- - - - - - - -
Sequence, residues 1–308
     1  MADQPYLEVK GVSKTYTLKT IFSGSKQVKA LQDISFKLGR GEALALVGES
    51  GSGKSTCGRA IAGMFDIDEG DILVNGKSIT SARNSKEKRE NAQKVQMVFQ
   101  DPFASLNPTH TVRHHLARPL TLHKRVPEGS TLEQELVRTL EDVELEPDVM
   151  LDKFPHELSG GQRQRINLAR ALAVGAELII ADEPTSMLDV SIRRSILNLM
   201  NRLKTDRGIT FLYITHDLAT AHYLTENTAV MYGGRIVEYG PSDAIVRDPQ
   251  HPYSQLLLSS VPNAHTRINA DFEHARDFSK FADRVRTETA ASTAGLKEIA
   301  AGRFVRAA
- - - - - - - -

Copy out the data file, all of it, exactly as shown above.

Sequence, residues 1–308
     1  MADQPYLEVK GVSKTYTLKT IFSGSKQVKA LQDISFKLGR GEALALVGES
    51  GSGKSTCGRA IAGMFDIDEG DILVNGKSIT SARNSKEKRE NAQKVQMVFQ
   101  DPFASLNPTH TVRHHLARPL TLHKRVPEGS TLEQELVRTL EDVELEPDVM
   151  LDKFPHELSG GQRQRINLAR ALAVGAELII ADEPTSMLDV SIRRSILNLM
   201  NRLKTDRGIT FLYITHDLAT AHYLTENTAV MYGGRIVEYG PSDAIVRDPQ
   251  HPYSQLLLSS VPNAHTRINA DFEHARDFSK FADRVRTETA ASTAGLKEIA
   301  AGRFVRAA